A more accurate US food market then is more like $1,25 trillion meaning OTA’s estimate of for organics’ sales at $35.1 billion re-calibrates down from 4% to a 2,5% share of US food market. Just around a +50% over estimate by OTA but who’s counting?

    Finally with all this reported OTA growth where is the organic produce and food coming from ?

    There are now 914.5 million acres of farmland across the United States, according to the 2012 Census of Agriculture, released by the U.S. Department of Agriculture. The USDA National Organic Program (NOP) Organic Production Survey (NASS 2010) reports only 4.1 million acres for organic farming equating to 0,45% share of total US agriculture. If under half-of-one-percent of US farmers are organic they must be outstandingly productive to supply 4% of the US food market (OTA’s estimate) or 20% of the US Fresh Market (OTA’s estimate).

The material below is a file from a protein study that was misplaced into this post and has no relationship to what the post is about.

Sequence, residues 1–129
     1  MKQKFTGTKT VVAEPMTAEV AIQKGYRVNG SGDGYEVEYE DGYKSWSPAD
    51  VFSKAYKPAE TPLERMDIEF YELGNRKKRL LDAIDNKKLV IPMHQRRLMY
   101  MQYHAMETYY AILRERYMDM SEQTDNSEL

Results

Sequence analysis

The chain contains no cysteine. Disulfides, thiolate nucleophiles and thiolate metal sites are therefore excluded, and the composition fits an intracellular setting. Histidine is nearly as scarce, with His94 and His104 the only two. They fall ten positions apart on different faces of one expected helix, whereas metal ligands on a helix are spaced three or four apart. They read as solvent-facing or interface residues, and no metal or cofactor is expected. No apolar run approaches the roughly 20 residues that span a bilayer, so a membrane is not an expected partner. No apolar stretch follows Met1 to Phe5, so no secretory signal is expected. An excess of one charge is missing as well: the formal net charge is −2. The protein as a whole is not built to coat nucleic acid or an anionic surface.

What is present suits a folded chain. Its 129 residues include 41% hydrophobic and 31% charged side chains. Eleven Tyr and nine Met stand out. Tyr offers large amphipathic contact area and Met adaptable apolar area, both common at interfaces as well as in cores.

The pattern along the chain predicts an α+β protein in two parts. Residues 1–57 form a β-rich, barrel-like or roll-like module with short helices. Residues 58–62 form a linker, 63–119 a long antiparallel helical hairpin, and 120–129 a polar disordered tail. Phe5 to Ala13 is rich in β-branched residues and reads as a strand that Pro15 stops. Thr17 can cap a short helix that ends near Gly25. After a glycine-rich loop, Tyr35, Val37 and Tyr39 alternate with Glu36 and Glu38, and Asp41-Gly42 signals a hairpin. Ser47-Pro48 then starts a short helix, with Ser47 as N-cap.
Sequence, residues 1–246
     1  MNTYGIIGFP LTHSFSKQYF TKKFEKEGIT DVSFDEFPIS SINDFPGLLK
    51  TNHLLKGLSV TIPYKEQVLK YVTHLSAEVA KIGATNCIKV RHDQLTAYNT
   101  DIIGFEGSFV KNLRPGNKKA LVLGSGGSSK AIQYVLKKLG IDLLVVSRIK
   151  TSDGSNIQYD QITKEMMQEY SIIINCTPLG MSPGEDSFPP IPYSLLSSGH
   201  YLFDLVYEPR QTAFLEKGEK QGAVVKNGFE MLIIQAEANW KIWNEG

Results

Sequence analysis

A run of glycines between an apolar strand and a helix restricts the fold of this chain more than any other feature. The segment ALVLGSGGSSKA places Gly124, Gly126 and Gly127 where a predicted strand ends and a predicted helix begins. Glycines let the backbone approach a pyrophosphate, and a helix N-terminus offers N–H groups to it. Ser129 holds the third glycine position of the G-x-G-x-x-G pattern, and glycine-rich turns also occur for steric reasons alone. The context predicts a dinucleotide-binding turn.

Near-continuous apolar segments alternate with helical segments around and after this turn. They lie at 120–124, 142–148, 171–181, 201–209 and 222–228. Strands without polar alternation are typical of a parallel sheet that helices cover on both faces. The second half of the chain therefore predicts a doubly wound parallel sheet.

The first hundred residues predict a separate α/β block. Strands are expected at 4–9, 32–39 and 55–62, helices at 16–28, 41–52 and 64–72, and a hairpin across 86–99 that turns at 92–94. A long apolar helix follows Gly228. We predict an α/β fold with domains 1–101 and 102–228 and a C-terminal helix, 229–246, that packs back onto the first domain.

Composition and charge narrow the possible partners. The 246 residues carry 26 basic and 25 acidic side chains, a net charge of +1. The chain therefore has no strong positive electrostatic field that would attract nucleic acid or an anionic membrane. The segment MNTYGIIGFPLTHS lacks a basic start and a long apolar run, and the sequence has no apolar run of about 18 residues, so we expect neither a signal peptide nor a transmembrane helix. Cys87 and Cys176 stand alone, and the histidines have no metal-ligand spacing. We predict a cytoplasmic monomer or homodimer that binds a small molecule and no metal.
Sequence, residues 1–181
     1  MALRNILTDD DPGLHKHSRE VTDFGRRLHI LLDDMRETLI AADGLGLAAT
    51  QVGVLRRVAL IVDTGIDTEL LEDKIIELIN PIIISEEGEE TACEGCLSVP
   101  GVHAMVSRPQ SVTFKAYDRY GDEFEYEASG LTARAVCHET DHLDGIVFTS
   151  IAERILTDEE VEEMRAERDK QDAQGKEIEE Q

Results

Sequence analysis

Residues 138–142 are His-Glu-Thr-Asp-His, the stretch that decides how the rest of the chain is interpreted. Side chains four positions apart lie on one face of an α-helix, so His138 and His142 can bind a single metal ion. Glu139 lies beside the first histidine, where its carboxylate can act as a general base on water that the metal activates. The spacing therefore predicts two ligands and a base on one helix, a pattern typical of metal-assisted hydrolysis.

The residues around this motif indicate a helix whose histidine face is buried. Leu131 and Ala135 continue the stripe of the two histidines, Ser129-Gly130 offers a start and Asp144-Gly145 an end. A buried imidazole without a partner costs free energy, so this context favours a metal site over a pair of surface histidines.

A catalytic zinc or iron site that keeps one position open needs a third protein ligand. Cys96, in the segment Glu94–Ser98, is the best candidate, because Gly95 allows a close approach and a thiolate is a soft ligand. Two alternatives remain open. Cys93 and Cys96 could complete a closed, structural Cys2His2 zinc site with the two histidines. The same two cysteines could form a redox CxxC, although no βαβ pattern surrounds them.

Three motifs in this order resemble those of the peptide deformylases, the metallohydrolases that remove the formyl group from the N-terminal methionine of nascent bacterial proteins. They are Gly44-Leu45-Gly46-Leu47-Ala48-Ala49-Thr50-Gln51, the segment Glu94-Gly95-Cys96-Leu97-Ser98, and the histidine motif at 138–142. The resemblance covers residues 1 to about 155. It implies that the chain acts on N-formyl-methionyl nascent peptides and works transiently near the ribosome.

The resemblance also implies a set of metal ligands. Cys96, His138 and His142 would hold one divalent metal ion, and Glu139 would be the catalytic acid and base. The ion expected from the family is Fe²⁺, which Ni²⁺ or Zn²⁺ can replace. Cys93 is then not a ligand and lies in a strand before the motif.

Regrettably organic statistics are being widely manipulated and misrepresented by organic industry leadership. This spawns a cycle of distrust with the sector’s misreporting open to being misconstrued, misinterpreted and adjudged misleading at best and mendacious at worst. Regrettably this all takes organics into “Trust but Verify” territory


    Bottomline here is it looks like OTA has finally decided to professionalized and its welcoming to see them now utilising very reliable Nielsen data. I and others trust OTA’s effort to bring truth back into organics will be followed by the likes of IFOAM and FiBL who regularly obfuscate the realities of organics’ performance